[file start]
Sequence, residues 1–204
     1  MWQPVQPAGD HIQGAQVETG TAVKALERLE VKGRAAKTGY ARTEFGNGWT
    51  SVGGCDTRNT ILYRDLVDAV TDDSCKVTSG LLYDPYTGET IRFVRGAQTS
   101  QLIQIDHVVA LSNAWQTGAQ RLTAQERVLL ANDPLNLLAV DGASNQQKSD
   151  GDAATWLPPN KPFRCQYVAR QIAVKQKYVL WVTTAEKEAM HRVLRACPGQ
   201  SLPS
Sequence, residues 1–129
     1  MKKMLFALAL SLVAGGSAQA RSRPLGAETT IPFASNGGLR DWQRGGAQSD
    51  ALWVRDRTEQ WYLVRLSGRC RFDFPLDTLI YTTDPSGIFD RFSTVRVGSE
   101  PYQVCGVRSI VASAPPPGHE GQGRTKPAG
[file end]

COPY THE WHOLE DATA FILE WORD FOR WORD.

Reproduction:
Sequence, residues 1–204
     1  MWQPVQPAGD HIQGAQVETG TAVKALERLE VKGRAAKTGY ARTEFGNGWT
    51  SVGGCDTRNT ILYRDLVDAV TDDSCKVTSG LLYDPYTGET IRFVRGAQTS
   101  QLIQIDHVVA LSNAWQTGAQ RLTAQERVLL ANDPLNLLAV DGASNQQKSD
   151  GDAATWLPPN KPFRCQYVAR QIAVKQKYVL WVTTAEKEAM HRVLRACPGQ
   201  SLPS
Sequence, residues 1–129
     1  MKKMLFALAL SLVAGGSAQA RSRPLGAETT IPFASNGGLR DWQRGGAQSD
    51  ALWVRDRTEQ WYLVRLSGRC RFDFPLDTLI YTTDPSGIFD RFSTVRVGSE
   101  PYQVCGVRSI VASAPPPGHE GQGRTKPAG